VANCOUVER, Wash., June 28 (UPI) — The United States must lead the way in regulating trade to protect coral reefs and tropical fish from a growing collectors market, a study says.
Trade in coral and coral reef fish is growing, taking 30 million fish and 1.5 million live coral specimens from the world’s oceans every year, Washington State University researchers said in a release Monday.
The aquarium industry alone targets about 1,500 species of reef fishes, and some species have gone “virtually extinct,” a university study says.
“Our actions have a big impact on what happens in these coral reef ecosystems, which are already hit hard by other forces like global warming, ocean acidification and overfishing,” said study author Brian Tissot, a professor of Earth and Environmental Sciences at WSU Vancouver.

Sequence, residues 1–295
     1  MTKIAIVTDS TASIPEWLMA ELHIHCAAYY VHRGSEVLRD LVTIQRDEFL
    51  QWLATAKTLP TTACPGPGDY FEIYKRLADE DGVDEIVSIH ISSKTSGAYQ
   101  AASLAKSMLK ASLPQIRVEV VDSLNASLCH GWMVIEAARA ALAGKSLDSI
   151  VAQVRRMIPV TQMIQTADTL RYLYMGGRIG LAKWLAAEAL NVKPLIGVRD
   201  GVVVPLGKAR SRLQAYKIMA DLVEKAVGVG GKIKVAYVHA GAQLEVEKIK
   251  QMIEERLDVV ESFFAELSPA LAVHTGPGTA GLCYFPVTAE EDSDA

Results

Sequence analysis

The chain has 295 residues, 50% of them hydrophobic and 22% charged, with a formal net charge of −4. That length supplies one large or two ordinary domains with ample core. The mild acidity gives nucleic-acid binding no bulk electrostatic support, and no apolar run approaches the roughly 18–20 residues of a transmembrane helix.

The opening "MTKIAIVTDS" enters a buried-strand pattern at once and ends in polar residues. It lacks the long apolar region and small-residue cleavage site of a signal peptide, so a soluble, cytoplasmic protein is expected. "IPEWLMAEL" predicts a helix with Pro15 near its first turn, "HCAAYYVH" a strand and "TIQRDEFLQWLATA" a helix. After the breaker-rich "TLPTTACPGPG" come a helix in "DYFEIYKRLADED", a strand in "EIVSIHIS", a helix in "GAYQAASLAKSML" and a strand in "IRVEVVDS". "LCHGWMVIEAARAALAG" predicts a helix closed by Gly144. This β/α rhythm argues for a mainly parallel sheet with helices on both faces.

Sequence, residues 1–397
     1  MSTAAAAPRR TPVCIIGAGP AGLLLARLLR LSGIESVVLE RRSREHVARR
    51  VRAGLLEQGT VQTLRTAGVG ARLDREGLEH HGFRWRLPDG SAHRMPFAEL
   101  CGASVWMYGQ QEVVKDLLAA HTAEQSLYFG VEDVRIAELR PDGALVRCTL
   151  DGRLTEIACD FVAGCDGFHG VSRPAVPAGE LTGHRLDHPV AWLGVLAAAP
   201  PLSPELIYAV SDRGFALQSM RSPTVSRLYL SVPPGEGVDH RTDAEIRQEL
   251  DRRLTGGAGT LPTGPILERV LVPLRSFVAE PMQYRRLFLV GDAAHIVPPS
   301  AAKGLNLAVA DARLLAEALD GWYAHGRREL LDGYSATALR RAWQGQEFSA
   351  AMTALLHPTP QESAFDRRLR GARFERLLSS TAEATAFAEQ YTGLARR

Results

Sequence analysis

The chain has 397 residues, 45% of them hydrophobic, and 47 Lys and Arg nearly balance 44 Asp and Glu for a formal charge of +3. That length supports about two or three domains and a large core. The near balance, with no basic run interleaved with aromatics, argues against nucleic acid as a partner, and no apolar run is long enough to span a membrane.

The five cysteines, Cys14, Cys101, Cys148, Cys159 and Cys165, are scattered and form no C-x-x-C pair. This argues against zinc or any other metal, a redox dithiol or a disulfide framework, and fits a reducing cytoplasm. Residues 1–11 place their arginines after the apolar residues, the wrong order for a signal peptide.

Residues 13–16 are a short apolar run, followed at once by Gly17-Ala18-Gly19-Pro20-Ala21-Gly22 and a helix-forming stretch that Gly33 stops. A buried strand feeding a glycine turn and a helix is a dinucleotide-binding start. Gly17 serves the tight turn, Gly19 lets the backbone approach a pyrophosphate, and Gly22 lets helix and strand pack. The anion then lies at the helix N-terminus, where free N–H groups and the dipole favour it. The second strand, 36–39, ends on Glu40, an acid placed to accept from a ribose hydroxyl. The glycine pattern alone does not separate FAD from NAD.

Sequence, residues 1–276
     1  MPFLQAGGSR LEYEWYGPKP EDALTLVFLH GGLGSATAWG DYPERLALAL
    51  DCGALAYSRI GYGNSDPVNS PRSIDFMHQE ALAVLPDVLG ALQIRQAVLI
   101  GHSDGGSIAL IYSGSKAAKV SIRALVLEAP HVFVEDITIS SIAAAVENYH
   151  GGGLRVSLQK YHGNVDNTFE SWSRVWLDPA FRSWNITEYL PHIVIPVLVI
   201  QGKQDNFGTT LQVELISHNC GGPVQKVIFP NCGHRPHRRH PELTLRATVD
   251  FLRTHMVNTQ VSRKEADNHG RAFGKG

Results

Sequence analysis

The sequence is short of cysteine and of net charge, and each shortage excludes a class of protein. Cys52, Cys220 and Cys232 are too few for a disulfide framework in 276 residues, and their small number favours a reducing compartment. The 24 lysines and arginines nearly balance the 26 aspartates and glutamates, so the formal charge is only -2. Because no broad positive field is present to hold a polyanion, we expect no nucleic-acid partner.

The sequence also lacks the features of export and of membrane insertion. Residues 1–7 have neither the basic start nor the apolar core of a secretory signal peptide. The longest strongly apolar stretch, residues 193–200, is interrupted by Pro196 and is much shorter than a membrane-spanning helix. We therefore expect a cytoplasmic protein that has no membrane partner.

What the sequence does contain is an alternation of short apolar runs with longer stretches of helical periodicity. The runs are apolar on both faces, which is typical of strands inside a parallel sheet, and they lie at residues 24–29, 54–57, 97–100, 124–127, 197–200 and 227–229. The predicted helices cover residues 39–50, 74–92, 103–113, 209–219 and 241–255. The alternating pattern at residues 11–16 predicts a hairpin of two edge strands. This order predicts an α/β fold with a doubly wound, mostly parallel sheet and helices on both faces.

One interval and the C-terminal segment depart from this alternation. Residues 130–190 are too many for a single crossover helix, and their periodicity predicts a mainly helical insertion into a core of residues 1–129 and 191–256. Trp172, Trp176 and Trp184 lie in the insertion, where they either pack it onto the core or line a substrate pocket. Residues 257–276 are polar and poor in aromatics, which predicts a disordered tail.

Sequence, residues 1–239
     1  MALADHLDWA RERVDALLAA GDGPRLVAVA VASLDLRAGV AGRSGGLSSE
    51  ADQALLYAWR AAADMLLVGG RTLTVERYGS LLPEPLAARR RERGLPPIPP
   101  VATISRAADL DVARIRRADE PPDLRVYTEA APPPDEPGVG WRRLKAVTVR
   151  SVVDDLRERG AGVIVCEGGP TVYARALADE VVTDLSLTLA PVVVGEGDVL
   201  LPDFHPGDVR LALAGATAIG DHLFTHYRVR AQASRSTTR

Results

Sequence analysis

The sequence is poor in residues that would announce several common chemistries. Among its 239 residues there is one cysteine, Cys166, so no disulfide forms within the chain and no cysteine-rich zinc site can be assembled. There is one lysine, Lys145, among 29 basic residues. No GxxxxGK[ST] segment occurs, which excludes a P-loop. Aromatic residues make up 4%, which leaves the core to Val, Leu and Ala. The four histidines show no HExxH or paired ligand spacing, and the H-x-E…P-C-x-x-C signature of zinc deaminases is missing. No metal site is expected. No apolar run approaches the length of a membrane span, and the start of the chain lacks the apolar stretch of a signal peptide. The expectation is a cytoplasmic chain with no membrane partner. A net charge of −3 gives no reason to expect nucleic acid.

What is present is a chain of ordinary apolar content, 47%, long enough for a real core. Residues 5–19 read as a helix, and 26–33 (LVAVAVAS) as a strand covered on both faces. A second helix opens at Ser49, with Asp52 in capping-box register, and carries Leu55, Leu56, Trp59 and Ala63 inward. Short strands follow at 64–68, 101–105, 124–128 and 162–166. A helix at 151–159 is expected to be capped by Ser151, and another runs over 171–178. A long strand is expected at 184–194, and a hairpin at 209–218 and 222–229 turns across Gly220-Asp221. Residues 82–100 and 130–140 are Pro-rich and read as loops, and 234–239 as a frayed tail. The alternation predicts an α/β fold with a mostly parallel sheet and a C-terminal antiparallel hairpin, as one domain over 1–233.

The study recommends laws to protect a wider variety of species, better enforcement, and reforms in source countries.
With U.S. buyers accounting for more than half the trade in live coral, reef fish and invertebrates, the study says, the United States “should assume its role as an international leader in coral reef conservation and take steps to reform the international trade it drives.”
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